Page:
The current hierarchy from Nonprofits may be too condensed and focusing emphasis on the wrong thing.
- Strategic Plan
Nonprofits have strategic plans. This is not novel. They are the guiding purpose behind the organization and drive the specific programmatic and strategic decisions over the years. It defines its relevance and relative scope within a larger framework of socially-focused institutions. However, the strategic plans are sometimes pushed to the side and ignored in order to meet the day-to-day needs of the organization. Strategy is thrown out of the window just to keep the organization running another day. Mission statements, however, are vague descriptors that can guide the organization loosely over an extended (probably undetermined) period of time. This mission statement, however, is where much of the emphasis is given within the organization. It is how the overall effectiveness is judged against: are the financials showing mission reach? What are their programs?
However, more effort should be made to create a more concise strategy statement to condense the strategic plan into a singular statement that is easily consumable and memorable. It will give more definite boundaries for the organization and help to reinforce the more detailed goals, strategies, objectives, and tactics of a more formal strategic plan. From my current understandings of some major nonprofits, they do not have these strategy statements to round-out their operations. This is a major weakness in the strategic operations of the organization because missions are fluffy and theoretical whereas strategy statements are concrete. If more emphasis was made creating a clearer strategy – strategy statement, strategic plan, and balanced scorecard – organizations may be able to more deliberately operate, sustain, and grow the organization over a longer period of time.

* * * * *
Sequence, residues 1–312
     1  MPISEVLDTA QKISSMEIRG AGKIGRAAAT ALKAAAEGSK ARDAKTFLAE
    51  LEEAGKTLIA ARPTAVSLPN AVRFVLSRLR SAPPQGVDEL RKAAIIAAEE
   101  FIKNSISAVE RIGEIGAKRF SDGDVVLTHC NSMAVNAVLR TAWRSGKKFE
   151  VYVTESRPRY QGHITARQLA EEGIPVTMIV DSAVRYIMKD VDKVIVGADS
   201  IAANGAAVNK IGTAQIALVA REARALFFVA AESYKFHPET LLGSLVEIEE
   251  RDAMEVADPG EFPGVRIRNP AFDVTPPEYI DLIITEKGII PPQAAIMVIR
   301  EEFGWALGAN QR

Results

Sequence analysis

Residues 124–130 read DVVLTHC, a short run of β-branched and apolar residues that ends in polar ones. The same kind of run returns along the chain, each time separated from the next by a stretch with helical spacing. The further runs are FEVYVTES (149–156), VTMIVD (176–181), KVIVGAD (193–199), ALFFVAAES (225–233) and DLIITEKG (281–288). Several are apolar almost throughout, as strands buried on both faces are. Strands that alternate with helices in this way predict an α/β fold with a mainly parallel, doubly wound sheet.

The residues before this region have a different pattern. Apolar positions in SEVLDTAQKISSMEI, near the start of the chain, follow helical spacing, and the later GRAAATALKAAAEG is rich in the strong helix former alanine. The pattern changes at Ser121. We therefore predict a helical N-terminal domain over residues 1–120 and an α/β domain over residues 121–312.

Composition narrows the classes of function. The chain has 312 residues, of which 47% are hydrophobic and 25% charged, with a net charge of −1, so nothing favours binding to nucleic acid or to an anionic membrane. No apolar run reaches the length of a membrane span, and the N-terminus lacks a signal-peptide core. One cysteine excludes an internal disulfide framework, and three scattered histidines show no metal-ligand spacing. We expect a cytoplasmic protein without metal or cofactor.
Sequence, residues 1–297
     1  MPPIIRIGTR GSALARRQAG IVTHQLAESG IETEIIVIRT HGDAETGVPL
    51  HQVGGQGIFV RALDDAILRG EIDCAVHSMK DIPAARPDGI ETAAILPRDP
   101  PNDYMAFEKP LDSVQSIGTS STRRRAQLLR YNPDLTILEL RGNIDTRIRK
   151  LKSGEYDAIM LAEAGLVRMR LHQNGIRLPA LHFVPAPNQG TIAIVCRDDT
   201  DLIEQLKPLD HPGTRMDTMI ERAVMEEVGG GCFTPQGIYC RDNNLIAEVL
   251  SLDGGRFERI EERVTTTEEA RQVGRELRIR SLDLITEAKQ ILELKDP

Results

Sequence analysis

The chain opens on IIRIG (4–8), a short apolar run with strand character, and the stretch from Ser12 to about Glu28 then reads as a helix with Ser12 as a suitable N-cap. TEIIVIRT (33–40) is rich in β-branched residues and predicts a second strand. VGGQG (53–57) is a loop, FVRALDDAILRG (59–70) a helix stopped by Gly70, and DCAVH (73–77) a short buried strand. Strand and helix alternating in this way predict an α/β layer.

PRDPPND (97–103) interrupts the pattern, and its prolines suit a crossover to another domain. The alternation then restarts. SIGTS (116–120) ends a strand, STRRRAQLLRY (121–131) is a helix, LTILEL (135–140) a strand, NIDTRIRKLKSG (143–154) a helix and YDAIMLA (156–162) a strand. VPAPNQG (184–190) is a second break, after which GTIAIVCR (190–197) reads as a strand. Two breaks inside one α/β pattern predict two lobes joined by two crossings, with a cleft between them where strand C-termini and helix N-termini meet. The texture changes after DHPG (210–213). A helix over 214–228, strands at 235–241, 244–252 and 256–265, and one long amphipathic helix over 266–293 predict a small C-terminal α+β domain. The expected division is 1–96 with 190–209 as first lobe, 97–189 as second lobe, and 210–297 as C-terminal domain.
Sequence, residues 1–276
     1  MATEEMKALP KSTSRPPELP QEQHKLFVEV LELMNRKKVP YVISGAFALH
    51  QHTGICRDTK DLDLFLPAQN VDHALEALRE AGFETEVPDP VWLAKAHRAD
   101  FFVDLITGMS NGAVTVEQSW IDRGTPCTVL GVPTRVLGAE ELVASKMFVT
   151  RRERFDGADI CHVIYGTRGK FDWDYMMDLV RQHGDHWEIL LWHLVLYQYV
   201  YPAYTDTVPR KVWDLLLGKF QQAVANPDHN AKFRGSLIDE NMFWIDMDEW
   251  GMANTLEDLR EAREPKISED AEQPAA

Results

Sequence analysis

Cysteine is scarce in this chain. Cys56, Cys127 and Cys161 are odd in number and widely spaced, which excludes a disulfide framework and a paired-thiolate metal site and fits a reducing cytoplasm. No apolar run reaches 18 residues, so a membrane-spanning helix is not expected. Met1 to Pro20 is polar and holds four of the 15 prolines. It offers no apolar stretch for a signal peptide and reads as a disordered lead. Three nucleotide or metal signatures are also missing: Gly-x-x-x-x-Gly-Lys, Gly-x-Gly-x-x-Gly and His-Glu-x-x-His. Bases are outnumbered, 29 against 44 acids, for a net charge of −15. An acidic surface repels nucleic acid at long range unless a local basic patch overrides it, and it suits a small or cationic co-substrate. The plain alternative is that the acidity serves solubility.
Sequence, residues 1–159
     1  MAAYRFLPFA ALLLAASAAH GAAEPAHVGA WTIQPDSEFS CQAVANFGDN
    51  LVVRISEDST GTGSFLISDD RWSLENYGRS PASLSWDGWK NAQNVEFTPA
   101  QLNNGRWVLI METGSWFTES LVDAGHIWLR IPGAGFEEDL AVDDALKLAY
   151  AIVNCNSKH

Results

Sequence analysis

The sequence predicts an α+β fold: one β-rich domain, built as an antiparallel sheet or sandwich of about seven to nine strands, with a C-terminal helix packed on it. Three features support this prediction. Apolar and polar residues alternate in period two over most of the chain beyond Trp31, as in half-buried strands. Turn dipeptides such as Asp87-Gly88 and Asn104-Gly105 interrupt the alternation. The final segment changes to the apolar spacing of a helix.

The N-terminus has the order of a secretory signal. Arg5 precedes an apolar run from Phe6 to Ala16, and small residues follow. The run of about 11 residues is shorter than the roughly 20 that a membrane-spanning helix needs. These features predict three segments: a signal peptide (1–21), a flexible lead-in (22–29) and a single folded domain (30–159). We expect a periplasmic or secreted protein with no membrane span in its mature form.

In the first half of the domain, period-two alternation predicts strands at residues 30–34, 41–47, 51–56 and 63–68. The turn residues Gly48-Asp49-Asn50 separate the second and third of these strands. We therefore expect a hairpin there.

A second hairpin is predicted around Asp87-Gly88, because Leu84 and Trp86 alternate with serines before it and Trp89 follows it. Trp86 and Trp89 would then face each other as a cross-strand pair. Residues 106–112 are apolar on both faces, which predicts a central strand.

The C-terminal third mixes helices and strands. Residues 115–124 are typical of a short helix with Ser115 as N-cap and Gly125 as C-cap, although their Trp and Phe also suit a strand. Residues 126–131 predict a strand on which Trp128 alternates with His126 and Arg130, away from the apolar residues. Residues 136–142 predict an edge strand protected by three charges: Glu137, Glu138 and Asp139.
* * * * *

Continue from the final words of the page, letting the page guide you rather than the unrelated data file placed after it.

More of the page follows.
This is, obviously just a theory from the readings.